Several factors have converged in recent years to increase demand for strategic communications expertise in the financial industry. As a result, many firms accustomed to maintaining a low profile and focused solely on returns are now engaging in more public conversations, often demanding engagement with financial media. There is a growing consensus that the potential longer term costs of remaining detached from public engagement outweigh the shorter-term benefits.
In response to this shift, Diverging Markets is now concentrating its efforts on designing and implementing communications campaigns in economics and finance.
At present, we offer strategic knowledge and tactical expertise for the following:
Crisis communications / Reputation management
Digital communications / Social media strategy
Guest writing articles / White paper campaigns
Event marketing / Media training
We are actively seeking partners, clients and other interested participants.
I can be reached as always by email at firstname.lastname@example.org and by twitter @DivergingMarket.
So, as you may or may not have heard, Mexican Congress has just passed some rather historic oil reforms, much to the consternation of a lot of people. Herein, one congressman’s protest at the lack of transparency surrounding this historic occasion (with thanks to @NetasMX):
Folha de Sao Paulo has made this easy for us. Here are a couple of Economist covers, four years apart:
Honestly, when it’s not so tiresome, it’s actually amusing how blind people can be. I honestly have too many previous ramblings on this topic to list them all but if you’re interested, you can find them somewhere among these.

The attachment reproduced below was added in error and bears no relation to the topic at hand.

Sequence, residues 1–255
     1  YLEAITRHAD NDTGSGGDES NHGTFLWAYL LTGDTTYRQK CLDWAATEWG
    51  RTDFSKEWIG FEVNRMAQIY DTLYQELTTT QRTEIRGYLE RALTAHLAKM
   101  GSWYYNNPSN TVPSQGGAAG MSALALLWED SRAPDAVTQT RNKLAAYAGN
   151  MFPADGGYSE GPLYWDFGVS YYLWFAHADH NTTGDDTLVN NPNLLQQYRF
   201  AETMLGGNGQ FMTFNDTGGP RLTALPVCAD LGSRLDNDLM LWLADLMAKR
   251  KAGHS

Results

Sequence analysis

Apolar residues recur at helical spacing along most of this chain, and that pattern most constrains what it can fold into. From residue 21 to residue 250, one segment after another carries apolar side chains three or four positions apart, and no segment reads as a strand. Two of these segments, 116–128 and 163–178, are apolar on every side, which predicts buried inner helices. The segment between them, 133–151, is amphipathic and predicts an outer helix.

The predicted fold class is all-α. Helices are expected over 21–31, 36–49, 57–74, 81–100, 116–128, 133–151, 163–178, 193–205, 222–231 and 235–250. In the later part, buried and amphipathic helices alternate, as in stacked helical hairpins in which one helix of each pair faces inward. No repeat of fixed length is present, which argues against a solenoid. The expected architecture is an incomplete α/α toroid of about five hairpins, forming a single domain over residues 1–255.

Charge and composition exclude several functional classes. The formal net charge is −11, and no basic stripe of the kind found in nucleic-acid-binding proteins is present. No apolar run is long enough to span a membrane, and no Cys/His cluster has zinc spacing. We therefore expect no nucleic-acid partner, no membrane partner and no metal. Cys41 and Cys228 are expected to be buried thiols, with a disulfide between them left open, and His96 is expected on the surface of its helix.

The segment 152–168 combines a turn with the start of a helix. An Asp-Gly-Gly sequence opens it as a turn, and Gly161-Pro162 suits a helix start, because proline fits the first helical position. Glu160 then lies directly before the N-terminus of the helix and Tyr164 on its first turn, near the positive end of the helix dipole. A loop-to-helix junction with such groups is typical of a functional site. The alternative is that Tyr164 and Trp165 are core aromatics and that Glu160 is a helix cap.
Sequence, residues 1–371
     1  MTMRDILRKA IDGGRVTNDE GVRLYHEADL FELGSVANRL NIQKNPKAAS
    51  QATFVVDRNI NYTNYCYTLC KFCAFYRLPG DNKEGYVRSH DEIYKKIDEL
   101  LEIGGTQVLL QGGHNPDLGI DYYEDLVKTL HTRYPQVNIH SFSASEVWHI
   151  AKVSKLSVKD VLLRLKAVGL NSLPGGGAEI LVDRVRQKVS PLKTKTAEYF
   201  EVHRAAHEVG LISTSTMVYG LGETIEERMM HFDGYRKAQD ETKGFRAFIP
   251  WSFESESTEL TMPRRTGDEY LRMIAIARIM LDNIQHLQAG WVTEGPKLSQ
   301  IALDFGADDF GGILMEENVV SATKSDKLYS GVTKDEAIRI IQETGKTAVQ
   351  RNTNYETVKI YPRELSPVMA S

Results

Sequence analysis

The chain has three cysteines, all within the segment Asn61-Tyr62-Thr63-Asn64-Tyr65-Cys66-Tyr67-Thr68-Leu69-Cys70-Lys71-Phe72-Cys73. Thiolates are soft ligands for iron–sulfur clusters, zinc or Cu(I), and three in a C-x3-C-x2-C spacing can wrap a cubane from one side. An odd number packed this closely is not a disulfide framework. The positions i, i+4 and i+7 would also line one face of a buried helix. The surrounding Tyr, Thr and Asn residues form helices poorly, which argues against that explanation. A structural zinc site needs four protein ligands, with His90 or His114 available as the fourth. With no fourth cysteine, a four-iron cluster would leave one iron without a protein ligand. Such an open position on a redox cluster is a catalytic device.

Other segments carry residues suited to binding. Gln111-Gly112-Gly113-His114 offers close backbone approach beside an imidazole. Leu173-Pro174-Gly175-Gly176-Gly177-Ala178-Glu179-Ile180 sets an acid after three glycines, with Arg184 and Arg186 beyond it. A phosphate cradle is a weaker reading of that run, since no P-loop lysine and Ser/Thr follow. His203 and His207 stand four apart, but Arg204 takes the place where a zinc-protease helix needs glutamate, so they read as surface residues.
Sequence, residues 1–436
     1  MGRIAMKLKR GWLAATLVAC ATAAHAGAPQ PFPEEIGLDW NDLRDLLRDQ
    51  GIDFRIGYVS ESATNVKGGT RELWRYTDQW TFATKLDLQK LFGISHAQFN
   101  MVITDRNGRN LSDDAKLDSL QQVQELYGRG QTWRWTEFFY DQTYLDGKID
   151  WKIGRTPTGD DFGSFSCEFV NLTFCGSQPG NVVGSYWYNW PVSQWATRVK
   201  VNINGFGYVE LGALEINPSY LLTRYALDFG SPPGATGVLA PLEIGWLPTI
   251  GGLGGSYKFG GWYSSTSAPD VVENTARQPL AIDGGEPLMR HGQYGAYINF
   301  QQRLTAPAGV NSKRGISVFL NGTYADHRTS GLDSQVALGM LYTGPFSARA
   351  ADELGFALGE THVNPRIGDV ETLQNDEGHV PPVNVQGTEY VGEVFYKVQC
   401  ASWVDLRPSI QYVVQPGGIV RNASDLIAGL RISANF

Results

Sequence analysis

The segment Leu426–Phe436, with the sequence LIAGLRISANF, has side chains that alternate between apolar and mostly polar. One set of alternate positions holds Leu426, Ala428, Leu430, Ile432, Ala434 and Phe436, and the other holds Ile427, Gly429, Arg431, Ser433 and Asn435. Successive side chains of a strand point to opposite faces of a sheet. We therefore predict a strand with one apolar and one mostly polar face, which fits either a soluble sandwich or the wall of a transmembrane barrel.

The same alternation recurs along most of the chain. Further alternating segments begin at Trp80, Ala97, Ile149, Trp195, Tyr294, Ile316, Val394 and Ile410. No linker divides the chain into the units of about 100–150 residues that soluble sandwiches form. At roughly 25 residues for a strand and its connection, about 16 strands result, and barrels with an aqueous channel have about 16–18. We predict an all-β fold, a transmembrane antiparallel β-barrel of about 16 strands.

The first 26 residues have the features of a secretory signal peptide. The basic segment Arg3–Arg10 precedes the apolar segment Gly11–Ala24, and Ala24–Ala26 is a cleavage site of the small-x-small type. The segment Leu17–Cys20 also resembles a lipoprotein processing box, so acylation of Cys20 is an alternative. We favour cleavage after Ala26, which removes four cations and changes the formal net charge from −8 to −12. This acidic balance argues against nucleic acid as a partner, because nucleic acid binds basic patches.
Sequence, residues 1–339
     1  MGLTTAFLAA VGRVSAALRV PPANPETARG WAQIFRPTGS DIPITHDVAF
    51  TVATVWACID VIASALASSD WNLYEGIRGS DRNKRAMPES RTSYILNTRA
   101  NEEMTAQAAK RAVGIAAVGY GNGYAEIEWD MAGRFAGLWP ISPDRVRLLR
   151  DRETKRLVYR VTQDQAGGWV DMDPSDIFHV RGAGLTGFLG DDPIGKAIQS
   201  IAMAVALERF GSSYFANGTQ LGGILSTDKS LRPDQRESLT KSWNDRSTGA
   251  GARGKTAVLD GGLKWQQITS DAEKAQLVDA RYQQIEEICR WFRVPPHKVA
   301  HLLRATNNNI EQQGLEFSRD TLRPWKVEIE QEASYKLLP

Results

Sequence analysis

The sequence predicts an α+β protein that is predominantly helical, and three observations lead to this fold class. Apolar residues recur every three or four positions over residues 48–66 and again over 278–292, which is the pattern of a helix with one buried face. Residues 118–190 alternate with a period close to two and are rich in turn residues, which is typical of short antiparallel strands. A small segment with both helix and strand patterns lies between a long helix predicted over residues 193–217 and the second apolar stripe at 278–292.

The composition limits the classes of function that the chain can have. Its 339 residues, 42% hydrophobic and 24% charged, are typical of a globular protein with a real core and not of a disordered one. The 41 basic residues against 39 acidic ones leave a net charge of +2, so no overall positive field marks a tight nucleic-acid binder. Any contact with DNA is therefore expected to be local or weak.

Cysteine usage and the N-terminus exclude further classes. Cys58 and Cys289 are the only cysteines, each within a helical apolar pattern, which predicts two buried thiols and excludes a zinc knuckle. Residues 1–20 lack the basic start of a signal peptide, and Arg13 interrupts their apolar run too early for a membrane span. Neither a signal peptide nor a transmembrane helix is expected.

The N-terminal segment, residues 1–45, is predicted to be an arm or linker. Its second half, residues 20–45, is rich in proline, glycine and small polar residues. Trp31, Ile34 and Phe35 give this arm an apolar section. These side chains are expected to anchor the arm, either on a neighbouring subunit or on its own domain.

Regular readers know it isn’t very often that I re-publish in full something from elsewhere, but this is too important and I have no doubt that the majority of you are not in the habit of reading the Dallas Morning News with any regularity.
Alejandro Hope, who blogs here, tweets here, and works here, had the following op-ed in the Dallas Morning News at the end of last week which should not be missed and which would not be fair to simply excerpt here since every sentence matters. The long and short of it, which David Agren first touched on here, is built on the premise of not talking about drug war-related murders as part of a multi-prong public relations strategy.
If that sounds vaguely familiar, allow me to refresh your memory with this:
You think I’m joking? Read on:
Alejandro Hope: In Mexico, obfuscating crime numbers
Two months ago, a gunbattle erupted between rival drug gangs in Reynosa, Mexico, right across the border from McAllen. The shootout lasted several hours, killing as many as 40 people, according to a newspaper on the U.S. side of the border. Even in Mexico, scarred by seven years of relentless violence, this was big news.
But not big enough to make headlines in Mexican media. With some exceptions, coverage of the Reynosa firefight was scanty. Mostly, newspapers buried it in the police section, while TV and radio news shows virtually ignored it. Social networks were abuzz with information, but almost none was picked up by media outlets. This was not an isolated shutdown. As a result of threats and violence from criminal gangs, many local news organizations in Mexico have long limited their reporting on the drug war. Now the practice has extended to the national media.
According to a recent report from the Observatory of Violence in the Media, an independent watchdog group, coverage of organized crime and violence in the Mexico City press took a dive during the first three months in office of President Enrique Peña Nieto: The use of the words homicide, narcotrafficking and cartel declined by half from the year before. Similar results were found for TV and radio.
The national media pullback is not the product of intimidation by criminal gangs; it is a response to government policy. Since Peña Nieto took office in December, his administration has made every effort to keep violence out of the limelight. This has not been a heavy-handed operation. Some journalists and outlets may have been pressured; most have not. Rather, the government has tried, successfully, to shroud the issue in silence and confusion.